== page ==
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ments of a Catholic bishop; within the porch is Our Lady's image with the Divine Infant in her arms.

In the Cathedral Fernando spent his happiest hours, ever dreaming of the old days when its choir was filled with priests, and sometimes imagining himself lost there in an eager crowd while the Holy Wars of the Cross were being preached.

Once he went almost straight from it to the little Catholic church at the other end of the town; as he saw it, it was perhaps sixty or seventy years old, and poor enough; with hardly any claim to beauty. The contrast was sad and poignant. St. Chad's Cathedral; and his own special church where his cell was, and where his Holy Well is; Our Lady's church, large and stately; St. Michael's topping the hill: all without Mass ; and only this meagre shelter for the Blessed Sacrament. Here were no lovely spires, here no sculptured lines of saints decking the narrow front; but here Fernando already knew was the Saints' Master, whose Perfection they mirrored piecemeal as the many little facets of gems give out but fragments of the one Light.

Nearly opposite the school itself was a

Hospital" of St. John, for a Master and thirteen poor men, that had once been a priory. It was a quaint and beautiful little place, with the old Pre-Reformation chapel still in use.

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Certainly a Cathedral town in England is a bad place to drive out of the mind of a boy given to musings on England's Catholic days, the thoughts that were ever drawing, drawing him more and more irresistibly to Catholicity.

It was during his time at Lichfield, however, that Fernando, with other boys, was confirmed as an Anglican. The head master of the school gave the lads certain instructions, and they also were sent, as a class, and severally, to one of the curates of St. Mary's. He was much more High Church than the head master, though perhaps he would not be held very "High now. He set papers of questions on the Creed to the boys, and some of Fernando's answers were, he pointed out (not at all fiercely) more Roman than Anglican; he was good-natured enough to keep these strictures between himself and the boy, and Fernando received no scolding, and was duly presented for Confirmation.

His "First Communion" followed, and

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many others, in which the boy firmly believed that he was receiving the Body of Christ himself. It was not till full five years later that the disconcerting doubt of Anglican Orders crept in to trouble him.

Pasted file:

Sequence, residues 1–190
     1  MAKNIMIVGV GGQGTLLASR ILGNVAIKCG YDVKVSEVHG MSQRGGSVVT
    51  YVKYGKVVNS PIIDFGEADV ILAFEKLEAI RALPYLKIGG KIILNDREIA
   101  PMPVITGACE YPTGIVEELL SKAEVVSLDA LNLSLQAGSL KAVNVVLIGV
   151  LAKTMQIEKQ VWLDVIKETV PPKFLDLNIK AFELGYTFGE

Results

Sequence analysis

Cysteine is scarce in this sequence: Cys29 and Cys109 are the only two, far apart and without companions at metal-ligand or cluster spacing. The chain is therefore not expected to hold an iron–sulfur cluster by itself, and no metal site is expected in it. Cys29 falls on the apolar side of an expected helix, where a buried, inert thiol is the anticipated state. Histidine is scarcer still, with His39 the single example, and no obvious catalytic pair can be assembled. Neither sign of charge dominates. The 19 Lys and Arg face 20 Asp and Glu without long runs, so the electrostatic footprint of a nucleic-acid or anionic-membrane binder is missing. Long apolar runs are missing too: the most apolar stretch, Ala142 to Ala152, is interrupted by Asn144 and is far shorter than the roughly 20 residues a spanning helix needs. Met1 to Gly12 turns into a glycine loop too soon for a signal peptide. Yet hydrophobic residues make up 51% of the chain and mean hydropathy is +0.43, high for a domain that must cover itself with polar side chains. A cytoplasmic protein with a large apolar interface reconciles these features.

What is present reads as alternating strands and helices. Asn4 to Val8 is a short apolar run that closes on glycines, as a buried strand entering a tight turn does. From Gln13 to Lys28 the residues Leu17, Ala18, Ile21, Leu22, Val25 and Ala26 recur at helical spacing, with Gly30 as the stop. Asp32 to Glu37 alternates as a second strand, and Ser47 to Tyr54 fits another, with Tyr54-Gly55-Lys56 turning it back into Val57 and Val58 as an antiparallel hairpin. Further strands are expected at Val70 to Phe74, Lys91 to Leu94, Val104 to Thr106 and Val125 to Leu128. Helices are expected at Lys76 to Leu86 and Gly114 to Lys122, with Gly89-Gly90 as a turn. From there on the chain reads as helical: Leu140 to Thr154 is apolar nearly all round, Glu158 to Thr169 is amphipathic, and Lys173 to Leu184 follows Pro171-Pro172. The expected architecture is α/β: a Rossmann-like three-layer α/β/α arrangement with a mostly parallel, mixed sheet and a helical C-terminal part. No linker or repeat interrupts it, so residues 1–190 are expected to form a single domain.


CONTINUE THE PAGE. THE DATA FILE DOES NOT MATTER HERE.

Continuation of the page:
To Lichfield Fernando had gone from one vicarage, where he had been a private pupil, and from Lichfield he went as a private pupil to another with his head master, who had been presented to the living. The house was comfortable enough, but the place was hideous; a huge, very populous, mining village in what is called, only too aptly, the Black Country; a bare, treeless, windy region with coal-pits everywhere. It was quite new, called into existence by the mines; and the long rows of raw red-brick cottages, all exactly alike, and without gardens, seemed to Fernando a nightmare of ugliness. The contrast between this horrible parody of a village and his beloved Gracechurch nearly choked him. At Gracechurch hardly two houses were alike, and all were old, mellowed, too, not by time alone, but by human use and sympathy; so each had its character, slowly acquired and reflective

of placid generations of habitations. There were streets with ancient names, as the Watergate, linking the little town with past times and customs; and the great church, dominating the place, had been there for hundreds of years before the Reformation. The people, too, had not been there themselves but belonged there in their forefathers from immemorable time; but they were of many different callings, and of many various grades, blended into the unit of an ordered society. At this other place in the Black Country it was all different; no one had been born there except the babies, and the people came from the four winds; they were all of one class and one calling, yet they made no community, and had no social bond. The number of inhabitants was very likely greater than that of Gracechurch, but the place had no character of a town except populousness; and one had, under indignant protest, to call it a village. The church was as new and stark as the cottages of the same hot-looking, flower-pot red brick; those, however, of the miners who came to church liked to sing, and sang well.

At Gracechurch it did not so much seem as if the quaint streets wanted to struggle

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